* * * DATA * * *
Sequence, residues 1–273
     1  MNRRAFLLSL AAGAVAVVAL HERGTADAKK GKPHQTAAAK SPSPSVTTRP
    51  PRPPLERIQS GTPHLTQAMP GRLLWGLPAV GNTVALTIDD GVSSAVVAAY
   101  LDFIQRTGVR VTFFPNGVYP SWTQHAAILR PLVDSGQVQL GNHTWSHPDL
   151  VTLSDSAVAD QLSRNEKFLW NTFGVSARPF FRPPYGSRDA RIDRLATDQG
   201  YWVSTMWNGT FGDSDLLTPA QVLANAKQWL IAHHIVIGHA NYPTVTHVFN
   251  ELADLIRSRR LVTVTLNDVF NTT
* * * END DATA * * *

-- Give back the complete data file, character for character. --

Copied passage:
Sequence, residues 1–273
     1  MNRRAFLLSL AAGAVAVVAL HERGTADAKK GKPHQTAAAK SPSPSVTTRP
    51  PRPPLERIQS GTPHLTQAMP GRLLWGLPAV GNTVALTIDD GVSSAVVAAY
   101  LDFIQRTGVR VTFFPNGVYP SWTQHAAILR PLVDSGQVQL GNHTWSHPDL
   151  VTLSDSAVAD QLSRNEKFLW NTFGVSARPF FRPPYGSRDA RIDRLATDQG
   201  YWVSTMWNGT FGDSDLLTPA QVLANAKQWL IAHHIVIGHA NYPTVTHVFN
   251  ELADLIRSRR LVTVTLNDVF NTT